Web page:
The bright white blink from the camera’s flash caused ‘Duane’ to crouch low, and flinch with trepidation.
Donna Linke and Pauline Markle rubbed the muscular, two-year-old mastiff mix’s shoulders to reassure him that all was OK.
The two local seniors are akin to nurturing moms to many of the 15 dogs at the Patti Dale Animal Shelter in Aldergrove.
Markle, 77, and Linke, 75, spend five days of their week taking dogs for walks at the shelter.
Through the years they’ve strolled alongside canines of all breeds and sizes, in all sorts of weather, from snow and ice, to pouring rain and searing heat.
They’ve acquired “a ton of skill” with walking dogs since they began volunteering at the shelter, says LAPS executive director Jayne Nelson.
“I bet you they’ve handled hundreds and hundreds of dogs,” estimated Nelson. “They’ve been to every training session we’ve ever offered, they do clicker training with the dogs… because of their skill level and their experience, they’re able to give just that much more.”
The two are driven by a love for animals and dogs in particular.
“We love dogs and they need walks,” Linke said. “They need to be taken out of their kennels and (be) given a nice walk on a beautiful trail.”
Markle said she feels empathy for the dogs who are suddenly placed in a kennel.
“They don’t know why they’ve been given up or abandoned,” Markle said. “They need that one-on-one attention and that’s where we come in. We give them a bit of love and attention.”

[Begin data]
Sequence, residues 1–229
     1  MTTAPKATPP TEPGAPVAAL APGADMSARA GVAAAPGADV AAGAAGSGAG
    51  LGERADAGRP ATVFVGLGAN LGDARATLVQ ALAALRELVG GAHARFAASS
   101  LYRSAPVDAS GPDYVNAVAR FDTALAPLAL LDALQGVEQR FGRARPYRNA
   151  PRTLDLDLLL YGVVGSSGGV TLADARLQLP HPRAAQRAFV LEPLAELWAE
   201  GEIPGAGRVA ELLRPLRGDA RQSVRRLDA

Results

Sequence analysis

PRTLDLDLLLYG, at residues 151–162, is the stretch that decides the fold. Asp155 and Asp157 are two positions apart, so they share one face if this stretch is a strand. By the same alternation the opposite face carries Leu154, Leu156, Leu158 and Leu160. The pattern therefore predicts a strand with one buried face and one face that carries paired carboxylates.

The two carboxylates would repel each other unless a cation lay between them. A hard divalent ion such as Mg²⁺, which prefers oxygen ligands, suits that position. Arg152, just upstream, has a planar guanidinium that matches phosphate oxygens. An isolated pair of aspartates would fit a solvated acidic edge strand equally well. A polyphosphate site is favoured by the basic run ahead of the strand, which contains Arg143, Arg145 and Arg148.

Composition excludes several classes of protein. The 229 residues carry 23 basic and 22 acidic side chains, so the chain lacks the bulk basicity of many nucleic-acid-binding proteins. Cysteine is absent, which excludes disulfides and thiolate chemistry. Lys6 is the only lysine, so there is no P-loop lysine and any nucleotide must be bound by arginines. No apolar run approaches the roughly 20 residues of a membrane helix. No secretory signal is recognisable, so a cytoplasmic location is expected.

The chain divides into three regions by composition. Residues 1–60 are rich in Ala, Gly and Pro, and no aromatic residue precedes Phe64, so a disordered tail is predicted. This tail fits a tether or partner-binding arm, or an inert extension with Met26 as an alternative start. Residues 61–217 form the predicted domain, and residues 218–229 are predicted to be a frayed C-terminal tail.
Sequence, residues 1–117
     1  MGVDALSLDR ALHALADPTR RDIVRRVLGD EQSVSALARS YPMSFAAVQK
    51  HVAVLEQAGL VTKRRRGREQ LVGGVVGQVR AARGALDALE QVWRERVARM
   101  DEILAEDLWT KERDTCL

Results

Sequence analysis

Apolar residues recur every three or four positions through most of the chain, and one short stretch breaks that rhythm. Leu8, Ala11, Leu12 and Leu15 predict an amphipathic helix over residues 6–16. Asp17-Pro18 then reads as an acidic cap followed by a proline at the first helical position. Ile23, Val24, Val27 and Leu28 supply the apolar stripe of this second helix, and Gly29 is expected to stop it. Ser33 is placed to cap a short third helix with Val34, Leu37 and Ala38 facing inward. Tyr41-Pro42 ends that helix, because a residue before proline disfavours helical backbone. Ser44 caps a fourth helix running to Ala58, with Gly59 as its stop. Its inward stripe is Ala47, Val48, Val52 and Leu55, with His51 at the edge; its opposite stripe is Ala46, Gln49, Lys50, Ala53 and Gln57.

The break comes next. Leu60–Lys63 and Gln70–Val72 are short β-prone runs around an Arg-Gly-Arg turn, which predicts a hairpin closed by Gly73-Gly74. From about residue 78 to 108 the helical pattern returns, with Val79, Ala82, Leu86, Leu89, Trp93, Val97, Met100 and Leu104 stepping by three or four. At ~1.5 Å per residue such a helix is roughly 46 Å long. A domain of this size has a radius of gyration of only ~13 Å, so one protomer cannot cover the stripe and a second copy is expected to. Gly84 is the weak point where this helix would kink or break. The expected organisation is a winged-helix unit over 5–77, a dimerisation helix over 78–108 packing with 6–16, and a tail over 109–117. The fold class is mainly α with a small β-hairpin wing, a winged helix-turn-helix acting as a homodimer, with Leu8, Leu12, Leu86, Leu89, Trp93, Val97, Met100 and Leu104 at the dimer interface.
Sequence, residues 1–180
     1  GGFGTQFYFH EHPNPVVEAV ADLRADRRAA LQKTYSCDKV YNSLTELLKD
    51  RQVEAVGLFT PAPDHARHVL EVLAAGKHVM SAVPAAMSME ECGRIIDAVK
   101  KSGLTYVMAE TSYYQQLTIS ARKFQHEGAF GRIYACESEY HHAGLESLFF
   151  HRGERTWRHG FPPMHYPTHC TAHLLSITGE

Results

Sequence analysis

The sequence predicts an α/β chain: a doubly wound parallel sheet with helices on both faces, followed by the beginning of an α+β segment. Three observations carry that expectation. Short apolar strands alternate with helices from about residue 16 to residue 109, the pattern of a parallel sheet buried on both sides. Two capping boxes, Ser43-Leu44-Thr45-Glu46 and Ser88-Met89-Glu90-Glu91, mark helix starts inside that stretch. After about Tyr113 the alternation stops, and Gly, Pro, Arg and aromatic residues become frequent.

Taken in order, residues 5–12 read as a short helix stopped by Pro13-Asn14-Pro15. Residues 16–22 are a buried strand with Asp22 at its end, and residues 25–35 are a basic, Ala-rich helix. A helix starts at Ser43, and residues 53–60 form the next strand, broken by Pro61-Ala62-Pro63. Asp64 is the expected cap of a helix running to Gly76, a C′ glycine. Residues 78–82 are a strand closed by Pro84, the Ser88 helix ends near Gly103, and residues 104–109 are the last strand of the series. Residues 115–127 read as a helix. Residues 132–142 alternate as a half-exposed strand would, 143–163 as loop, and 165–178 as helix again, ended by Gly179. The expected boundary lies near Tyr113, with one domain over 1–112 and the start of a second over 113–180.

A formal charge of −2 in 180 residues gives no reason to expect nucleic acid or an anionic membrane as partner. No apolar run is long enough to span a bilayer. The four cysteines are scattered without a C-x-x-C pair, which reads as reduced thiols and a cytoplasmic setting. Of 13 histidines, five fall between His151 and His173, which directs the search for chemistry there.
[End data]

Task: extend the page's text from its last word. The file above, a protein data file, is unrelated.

Markle said dogs love unconditionally. “They’re just so good-hearted, so loving, they just love any attention you can give them.”
Their volunteerism has been invaluable at the shelter, says Nelson.
“They are extraordinary women,” Nelson said. “They are super dedicated and their longevity, to last 15 years, volunteering five days a week is extraordinary.”
Nelson said LAPS “could not do what we do” without the help of the society’s roughly 250 active volunteers.
“LAPS was started by volunteers and volunteers are the heart of our organization, from reception to animal care,” Nelson said.
The efforts of volunteers such as Markle and Linke are integral in enriching the lives of the animals at the shelter, says Nelson.
“It’s stressful (for animals) to be in a shelter, no matter how good we try to make it,” she said.
“One of the best ways to reduce stress for dogs especially is to provide that social enrichment. They get that one-on-one time with people, they get to go out on a trail and go for a walk and in lots of cases they’re getting to go off-leash because it’s all fenced.”